Jerome S. Cardin, Esq., who died in 1993, was a Loyola alumnus of the Class of 1943. A lifelong resident of Baltimore, Mr. Cardin was a prominent Baltimore attorney, a partner in Cardin and Cardin, P.A. He served on various business and community boards and was well known in Baltimore for his philanthropic leadership. He and his wife, Shoshana, have been honored by various organizations for their volunteer work.
Shoshana Cardin, for whom the Shoshana S. Cardin Jewish Community High School is named, has served as officer and board member of a number of civic and non-profit organizations. She was the first woman to chair the Conference of Presidents of Major American Jewish Organizations, and to lead the Associated Jewish Charities and Welfare Fund of Baltimore, the Council of Jewish Federation and the National Conference on Soviet Jewry. In her role as chair of the Conference of Presidents of Major American Jewish Organizations, she provided the United States government with the views of American Jewry on issues related to Israel, and she maintained regular contact with the leaders of both the U.S. and Israeli governments.
Shoshana Cardin received her B.A. from the University of California, Los Angeles, and her M.A. from Antioch University. She has received numerous awards, including a Doctorate of Humane Letters from Baltimore Hebrew University, Syracuse Univesity and Hebrew College, Bostice; a Doctorate of Philosophy from Bar-Ilan University, Israel; the Justice Louis D. Brandeis Award; as well as the Victorine Q. Adams and the Henrietta Szold Humanitarian Awards. Born in Tel Aviv, Mrs. Cardin moved to Baltimore at age two. She is a member of Chizuk Amuno Congregation. Her cousin is longtime Maryland Democratic Congressman Ben Cardin.
The Cardin Chair
The Cardin Chair is an endowed professorship dedicated to exploring and fostering an appreciation of the Judeo-Christian tradition across the humanities. The chair is filled bi-annually, on a rotating basis, by a department in the Humanities. The Chair may be filled for one full academic year, or for one semester. While in residence, the chair, in addition to conducting his or her own research, teaches one undergraduate course, and holds a faculty seminar open to all interested faculty. The Center for the Humanities ordinarily will reimburse faculty members the expense of books purchased for the seminar.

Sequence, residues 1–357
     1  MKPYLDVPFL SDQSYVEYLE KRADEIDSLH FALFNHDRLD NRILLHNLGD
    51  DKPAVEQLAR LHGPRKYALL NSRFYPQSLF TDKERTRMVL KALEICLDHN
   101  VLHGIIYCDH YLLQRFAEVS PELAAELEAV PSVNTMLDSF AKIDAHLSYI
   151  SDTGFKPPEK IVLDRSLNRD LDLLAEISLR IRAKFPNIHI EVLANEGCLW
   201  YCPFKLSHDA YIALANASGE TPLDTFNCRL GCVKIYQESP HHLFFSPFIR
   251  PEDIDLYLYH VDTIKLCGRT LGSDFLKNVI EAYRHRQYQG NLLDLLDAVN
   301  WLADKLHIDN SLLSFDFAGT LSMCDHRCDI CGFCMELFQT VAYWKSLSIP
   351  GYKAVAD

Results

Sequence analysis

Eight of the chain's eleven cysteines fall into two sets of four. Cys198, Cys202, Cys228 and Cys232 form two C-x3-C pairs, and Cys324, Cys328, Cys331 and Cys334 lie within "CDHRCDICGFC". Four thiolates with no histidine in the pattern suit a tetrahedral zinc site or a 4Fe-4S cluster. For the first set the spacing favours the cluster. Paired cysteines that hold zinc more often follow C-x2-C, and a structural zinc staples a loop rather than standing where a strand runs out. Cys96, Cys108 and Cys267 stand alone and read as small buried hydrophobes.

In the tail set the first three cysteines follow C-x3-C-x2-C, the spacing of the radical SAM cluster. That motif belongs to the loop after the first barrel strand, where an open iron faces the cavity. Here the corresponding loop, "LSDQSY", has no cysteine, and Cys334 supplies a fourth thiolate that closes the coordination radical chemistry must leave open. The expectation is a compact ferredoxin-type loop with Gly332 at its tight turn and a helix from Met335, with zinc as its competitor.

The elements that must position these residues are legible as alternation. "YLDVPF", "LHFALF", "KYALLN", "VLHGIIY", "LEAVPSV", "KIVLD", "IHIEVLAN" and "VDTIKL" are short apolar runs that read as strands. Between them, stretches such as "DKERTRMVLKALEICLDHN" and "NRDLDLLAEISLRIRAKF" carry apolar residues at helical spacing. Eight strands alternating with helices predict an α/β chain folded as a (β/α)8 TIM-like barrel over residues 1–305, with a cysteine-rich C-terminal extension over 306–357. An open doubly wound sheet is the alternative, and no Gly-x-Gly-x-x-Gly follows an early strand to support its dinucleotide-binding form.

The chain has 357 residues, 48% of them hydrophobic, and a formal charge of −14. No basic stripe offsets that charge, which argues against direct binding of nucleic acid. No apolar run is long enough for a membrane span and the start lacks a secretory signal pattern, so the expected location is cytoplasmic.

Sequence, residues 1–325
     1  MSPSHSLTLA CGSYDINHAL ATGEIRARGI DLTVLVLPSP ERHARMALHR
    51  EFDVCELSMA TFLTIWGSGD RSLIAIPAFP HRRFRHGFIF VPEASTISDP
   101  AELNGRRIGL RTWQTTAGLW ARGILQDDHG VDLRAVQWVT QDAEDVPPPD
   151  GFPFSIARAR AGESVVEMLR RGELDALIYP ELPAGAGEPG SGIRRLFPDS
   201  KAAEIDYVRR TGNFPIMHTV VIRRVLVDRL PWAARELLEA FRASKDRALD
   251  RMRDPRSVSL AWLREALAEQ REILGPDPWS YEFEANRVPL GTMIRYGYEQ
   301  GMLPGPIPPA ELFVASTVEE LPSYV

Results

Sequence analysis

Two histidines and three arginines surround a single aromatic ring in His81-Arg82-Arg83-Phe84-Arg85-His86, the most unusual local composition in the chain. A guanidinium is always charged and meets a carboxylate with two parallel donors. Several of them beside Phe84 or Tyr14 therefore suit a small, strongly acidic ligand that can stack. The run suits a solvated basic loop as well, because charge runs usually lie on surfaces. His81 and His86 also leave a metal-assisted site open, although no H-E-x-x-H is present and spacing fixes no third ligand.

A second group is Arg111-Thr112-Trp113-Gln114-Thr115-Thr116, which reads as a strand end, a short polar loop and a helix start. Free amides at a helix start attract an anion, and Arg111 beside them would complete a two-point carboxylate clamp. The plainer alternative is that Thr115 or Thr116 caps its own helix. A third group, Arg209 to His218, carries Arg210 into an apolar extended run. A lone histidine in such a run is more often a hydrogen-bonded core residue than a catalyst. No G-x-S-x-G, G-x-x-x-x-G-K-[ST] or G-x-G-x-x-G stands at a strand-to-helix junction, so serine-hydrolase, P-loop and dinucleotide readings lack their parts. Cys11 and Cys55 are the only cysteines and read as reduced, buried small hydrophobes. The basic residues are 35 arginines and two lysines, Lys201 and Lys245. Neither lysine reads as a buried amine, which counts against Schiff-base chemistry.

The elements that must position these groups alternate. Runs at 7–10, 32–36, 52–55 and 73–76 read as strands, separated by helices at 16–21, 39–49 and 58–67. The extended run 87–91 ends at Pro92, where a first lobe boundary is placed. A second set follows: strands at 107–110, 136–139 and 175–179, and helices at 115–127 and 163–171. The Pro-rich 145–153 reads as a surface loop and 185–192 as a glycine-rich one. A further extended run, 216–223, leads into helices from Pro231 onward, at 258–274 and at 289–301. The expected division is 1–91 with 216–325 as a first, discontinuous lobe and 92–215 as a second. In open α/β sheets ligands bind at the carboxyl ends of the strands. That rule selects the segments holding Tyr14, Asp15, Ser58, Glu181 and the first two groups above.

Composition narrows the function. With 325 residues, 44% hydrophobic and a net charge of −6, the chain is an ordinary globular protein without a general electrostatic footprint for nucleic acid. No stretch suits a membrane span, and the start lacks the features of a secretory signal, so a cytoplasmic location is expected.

Cardin Chair Holders
Carole Fink, History, 1987-1988
Merrold Westphal, Philosophy, 1989-1990
Reed Way Dosenbrock, English, 1992-1993
Theodore Perry, Modern Languages,1994-1995
Donald Lazere, Writing and Media, 1996-1997
Bruce Marshall, Theology, 1998-1999
Mark Thistlethwaite and Louis Fantasia, Fine Arts, 2000-01
Frank Romer, Classics, 2002-2003
No chair holder History, 2004-2005
Balazs Mezei Philosophy, 2006-2007
Tod Linafelt English, 2008-2009
Nicholas Martin Modern Languages, 2011-2012
The Cardin Lecture is an annual lecture dedicated to fostering Jewish-Christian relations, whose sponsorship rotates among the departments in the humanities. It was established through an endowment by the Jerome S. Cardin family in 1985 to present topics on Jewish-Christian relations, particularly those that define parallels and connections between the two., and is administered through the College of Arts and Sciences and the Center for the Humanities. The lecture is followed by a kosher reception. Unlike many lectures on campus which are open to the general public but may be primarily intended for the College community, the Cardin lecture has a fairly high profile in the larger Baltimore Jewish and Christian communities.
Learn more about the past Cardin Lectures and presentations.